Caption: FIGURE 6: Equivalent application of blasting load.

Caption: FIGURE 7: Blasting load applied to excavation contour. (Note. Peak load at [t.sub.r] is 53.6 MPa, and [t.sub.r] = 2.3 ms and [t.sub.r] = 17.0 ms, as calculated according to Lu et al. [24].)

Caption: FIGURE 8: Waveforms calculated with different element sizes.

Caption: Figure 9: Monitoring points and division on lining of NBB tunnel.

Caption: FIGURE 10: Vertical vibration response on monitoring points induced by full-face blasting (a) and CD method (b).

Caption: FIGURE 11: Maximum principle stress response on monitoring points induced by full-face blasting (a) and CD method (b).

Caption: FIGURE 12: Distribution of peak tensile stress on underlying tunnel induced by full-face blasting.

Caption: FIGURE 13: Maximum principle stress distribution variation induced by full-face blasting 37 m away. (Note. Positive value for tensile stress. (a) Time = 47.5 ms, (b) time = 91.5 ms, and (c) time = 156.5 ms.)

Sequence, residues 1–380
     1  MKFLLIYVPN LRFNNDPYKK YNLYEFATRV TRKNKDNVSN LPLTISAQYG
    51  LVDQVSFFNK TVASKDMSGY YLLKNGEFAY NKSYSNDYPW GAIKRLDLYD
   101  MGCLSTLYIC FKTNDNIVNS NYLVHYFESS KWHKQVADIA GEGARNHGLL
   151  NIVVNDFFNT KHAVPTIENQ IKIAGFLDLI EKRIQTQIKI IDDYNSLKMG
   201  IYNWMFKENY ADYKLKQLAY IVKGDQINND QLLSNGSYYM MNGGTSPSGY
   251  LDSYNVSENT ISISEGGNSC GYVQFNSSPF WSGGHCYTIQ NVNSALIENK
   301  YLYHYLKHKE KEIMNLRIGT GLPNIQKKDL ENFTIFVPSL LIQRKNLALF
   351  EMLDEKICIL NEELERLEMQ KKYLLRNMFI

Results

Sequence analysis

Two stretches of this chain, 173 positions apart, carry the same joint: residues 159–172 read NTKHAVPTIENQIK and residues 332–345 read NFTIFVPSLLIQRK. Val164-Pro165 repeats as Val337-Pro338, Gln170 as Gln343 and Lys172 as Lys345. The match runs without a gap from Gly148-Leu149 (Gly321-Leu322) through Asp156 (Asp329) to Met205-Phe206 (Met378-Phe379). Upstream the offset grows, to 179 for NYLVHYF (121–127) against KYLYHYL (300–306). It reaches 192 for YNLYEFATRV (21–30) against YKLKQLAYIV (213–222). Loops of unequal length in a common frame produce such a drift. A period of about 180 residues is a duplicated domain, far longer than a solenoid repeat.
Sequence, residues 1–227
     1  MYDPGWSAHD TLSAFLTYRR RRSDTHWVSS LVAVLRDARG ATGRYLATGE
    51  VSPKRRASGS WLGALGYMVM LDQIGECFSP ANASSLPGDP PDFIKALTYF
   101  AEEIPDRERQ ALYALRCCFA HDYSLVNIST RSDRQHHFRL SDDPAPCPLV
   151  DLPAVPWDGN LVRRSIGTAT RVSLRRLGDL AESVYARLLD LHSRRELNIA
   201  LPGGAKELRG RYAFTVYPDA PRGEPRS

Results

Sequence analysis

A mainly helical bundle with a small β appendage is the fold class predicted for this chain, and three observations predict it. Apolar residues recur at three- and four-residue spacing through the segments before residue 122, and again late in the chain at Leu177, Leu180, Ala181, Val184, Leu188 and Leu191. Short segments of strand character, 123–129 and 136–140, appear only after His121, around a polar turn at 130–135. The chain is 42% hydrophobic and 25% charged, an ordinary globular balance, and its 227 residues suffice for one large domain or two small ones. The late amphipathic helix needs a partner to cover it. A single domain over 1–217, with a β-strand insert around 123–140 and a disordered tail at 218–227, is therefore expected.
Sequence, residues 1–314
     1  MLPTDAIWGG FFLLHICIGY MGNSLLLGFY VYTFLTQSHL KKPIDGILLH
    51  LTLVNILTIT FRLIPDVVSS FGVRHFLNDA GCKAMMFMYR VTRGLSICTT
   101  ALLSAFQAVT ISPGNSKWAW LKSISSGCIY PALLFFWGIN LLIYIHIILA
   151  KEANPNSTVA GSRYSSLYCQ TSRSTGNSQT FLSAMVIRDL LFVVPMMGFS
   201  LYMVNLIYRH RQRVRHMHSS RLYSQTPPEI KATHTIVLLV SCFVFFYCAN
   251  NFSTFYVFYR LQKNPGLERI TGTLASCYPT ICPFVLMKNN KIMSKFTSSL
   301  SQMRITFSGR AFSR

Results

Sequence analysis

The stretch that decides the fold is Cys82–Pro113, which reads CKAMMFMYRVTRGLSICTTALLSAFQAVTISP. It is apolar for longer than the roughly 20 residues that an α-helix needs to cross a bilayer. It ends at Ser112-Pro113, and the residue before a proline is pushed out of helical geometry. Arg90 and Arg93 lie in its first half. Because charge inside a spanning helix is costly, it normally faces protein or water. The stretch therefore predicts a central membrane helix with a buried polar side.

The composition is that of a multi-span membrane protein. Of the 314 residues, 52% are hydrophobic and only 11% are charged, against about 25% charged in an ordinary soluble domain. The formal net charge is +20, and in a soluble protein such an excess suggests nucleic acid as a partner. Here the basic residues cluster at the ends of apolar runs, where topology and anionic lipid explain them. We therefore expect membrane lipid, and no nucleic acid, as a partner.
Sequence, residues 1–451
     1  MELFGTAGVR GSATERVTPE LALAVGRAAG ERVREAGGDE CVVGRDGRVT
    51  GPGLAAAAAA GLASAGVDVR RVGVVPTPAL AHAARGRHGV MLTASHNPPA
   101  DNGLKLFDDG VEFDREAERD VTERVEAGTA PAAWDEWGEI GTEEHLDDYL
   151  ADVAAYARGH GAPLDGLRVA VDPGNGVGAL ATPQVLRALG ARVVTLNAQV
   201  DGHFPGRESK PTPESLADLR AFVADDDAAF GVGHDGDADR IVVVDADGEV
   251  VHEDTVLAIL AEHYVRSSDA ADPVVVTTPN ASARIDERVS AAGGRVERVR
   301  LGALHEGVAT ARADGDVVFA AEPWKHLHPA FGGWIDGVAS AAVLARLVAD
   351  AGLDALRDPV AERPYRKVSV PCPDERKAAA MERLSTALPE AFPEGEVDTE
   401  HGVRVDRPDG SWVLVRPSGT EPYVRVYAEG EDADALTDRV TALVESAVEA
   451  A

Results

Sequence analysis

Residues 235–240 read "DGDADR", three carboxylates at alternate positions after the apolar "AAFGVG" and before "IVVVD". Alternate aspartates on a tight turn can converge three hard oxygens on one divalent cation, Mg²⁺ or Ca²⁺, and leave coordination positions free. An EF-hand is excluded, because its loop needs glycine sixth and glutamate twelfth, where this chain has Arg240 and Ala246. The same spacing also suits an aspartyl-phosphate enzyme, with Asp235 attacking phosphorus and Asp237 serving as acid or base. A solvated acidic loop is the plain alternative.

Caption: FIGURE 14: Maximum principle stress distribution variation induced by CD method 25 m away. (Note. Positive value for tensile stress. (a) Time = 47.5 ms, (b) time = 91.5 ms, and (c) time = 156.5 ms.)
TABLE 1: Material parameters.

Type                          Natural         Deformation
                            density/kg/m3     modulus/GPa

Plain fill                1.96 x [10.sup.3]      0.035
Fully weathered basalt    2.1 x [10.sup.3]       0.055
Highly weathered basalt   2.6 x [10.sup.3]       0.075
Intermediate              2.7 x [10.sup.3]         9
  weathered basalt
Concrete C35              2.39 x [10.sup.3]        14
Concrete C20              2.37 x [10.sup.3]        11

Type                      Cohesiveness     Internal       Poisson
                              /kPa       friction angle    ratio

Plain fill                     15              10           0.3
Fully weathered basalt         17              35           0.27
Highly weathered basalt        20              45           0.25
Intermediate                  460              65           0.2
  weathered basalt
Concrete C35                  4500            62.2          0.3
Concrete C20                  2600             60           0.3

TABLE 2: Safety vibration limitation for tunnels and shafts in China

                      Allowable safety peak particle velocity/cm/s
                      f                      10 Hz              f >
             [less than or equal]     [less than or equal]     50 Hz
                     10 Hz           f [less than or equal]
                                              50 Hz

Hydraulic             7~8                     8~10             10~15